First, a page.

After Time Warner proposed what would amount to a $150/month unlimited Internet plan, the company has received a massive influx of complaints from customers. As a result, Time Warner has decided to delay the rollout of the tiered pricing plan in both Texas cities by a few months.
Originally, Time Warner planned to roll out tiered pricing tests in San Antonio and Austin this summer. As a result of customers’ reactions, Time Warner now plans to delay the meter program until October. San Antonio and Austin customers should expect to see changes to their bill sometime in January after the three-month grace period that is intended to help customers monitor their usage. Time Warner still plans to continue with the roll out of the tiered pricing tests in Rochester and Greensboro as it originally planned.
The first iteration of Time Warner’s three-tiered pricing plan would have meant that customers would pay between $29.95 and $75 per month for Internet access with strict bandwidth caps. Overage charges would be $1 per gigabyte. After criticism of the bandwidth caps and complaints from customers who feared their broadband costs would rise under the proposed plans, Time Warner introduced its unlimited bandwidth plan that would cost $149.99 per month.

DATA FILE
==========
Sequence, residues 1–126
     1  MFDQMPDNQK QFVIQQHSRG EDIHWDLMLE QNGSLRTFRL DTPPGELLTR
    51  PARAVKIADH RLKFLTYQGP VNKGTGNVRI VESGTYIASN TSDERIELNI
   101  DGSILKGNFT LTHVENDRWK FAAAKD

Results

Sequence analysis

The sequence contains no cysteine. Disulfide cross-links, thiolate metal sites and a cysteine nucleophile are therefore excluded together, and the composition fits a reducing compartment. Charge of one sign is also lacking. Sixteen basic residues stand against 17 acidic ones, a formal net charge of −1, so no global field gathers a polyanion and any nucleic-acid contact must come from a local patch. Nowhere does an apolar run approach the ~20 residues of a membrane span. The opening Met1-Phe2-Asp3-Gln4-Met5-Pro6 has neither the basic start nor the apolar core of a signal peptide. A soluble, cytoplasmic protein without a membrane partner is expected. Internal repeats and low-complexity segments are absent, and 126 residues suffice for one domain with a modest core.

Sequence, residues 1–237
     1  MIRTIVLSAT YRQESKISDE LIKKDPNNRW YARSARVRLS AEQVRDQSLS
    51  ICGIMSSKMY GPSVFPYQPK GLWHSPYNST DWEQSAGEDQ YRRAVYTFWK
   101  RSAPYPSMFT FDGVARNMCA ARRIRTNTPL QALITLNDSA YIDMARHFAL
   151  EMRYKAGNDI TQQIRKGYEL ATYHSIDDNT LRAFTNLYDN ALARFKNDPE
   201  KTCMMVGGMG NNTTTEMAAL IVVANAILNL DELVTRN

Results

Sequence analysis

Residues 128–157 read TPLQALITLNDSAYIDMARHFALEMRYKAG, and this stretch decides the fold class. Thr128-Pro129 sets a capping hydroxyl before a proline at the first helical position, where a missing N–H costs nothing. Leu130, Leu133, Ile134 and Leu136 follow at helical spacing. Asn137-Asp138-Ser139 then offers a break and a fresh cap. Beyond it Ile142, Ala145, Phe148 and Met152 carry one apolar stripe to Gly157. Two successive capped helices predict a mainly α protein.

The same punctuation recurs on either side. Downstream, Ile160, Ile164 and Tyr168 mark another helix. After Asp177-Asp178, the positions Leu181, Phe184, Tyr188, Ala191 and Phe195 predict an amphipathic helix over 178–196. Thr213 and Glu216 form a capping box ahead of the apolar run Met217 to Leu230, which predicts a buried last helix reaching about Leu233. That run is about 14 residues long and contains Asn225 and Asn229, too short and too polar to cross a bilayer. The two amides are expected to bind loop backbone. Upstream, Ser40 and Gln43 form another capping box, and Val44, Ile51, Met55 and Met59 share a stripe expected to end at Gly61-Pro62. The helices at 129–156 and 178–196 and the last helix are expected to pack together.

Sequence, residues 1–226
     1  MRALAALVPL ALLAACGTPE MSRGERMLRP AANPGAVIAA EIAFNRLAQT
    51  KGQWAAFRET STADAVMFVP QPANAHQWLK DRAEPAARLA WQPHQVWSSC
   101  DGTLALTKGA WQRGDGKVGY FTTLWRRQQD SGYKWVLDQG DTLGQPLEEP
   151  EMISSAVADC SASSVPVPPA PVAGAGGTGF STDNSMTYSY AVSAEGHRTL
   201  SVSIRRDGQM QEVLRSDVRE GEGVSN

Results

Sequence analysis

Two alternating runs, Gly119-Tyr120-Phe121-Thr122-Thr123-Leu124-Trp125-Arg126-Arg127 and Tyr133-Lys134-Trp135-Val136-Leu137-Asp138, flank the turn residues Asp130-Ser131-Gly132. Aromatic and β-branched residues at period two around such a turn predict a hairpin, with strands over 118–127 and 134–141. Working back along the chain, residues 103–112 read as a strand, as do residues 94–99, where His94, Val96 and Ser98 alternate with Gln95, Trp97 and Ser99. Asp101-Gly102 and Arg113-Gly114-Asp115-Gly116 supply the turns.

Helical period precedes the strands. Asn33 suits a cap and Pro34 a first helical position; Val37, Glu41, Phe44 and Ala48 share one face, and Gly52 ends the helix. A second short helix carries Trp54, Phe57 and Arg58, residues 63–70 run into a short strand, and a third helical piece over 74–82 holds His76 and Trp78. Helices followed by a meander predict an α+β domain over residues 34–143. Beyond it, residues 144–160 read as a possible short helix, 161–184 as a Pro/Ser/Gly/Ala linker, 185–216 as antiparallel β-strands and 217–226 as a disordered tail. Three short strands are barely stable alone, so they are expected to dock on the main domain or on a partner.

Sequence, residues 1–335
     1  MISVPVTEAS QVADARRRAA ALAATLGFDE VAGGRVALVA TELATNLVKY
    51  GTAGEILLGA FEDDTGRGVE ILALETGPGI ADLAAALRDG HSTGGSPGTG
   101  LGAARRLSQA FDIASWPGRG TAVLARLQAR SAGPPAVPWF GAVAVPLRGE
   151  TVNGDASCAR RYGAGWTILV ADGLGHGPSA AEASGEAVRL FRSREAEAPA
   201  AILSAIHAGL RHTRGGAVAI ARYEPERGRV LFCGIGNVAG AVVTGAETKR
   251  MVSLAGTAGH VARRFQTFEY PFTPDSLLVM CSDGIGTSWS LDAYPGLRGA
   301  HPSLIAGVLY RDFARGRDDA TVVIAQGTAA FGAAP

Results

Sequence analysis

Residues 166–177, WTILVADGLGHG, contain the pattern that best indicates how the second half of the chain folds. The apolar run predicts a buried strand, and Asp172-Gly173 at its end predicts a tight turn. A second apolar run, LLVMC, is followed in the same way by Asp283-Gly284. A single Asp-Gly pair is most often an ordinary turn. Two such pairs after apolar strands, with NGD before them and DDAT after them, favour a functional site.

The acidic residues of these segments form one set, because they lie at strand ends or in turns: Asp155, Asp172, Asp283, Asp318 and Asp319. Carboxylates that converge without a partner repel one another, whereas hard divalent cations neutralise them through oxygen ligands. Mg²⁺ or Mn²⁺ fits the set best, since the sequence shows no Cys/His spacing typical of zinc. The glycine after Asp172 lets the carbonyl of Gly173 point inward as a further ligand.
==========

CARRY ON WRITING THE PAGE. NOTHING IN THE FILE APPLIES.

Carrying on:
The tiered pricing structure has been met with considerable resistance, and the new “unlimited” plan didn’t go far enough to satisfy users. In reality, the proposed unlimited plan had quite the opposite effect since it would likely raise the monthly cost of Internet for many users.
U.S. Representative Eric Massa of New York isn’t pleased with Time Warner’s proposed tiered pricing structures. As Massa put it, "Time Warner's decision has the potential to more than triple customers' current rates, and I think most families will find this to be too taxing to afford. Time Warner believes they can do this in Rochester, N.Y., Greensboro, N.C., and Austin and San Antonio, Texas, and it's almost certainly just a matter of time before they attempt to overcharge all of their customers." After receiving numerous phone calls, emails, and faxes from his constituents, the Representative has said he will draft new legislation that will prohibit Internet Service Providers from implementing unfair tiered pricing structures.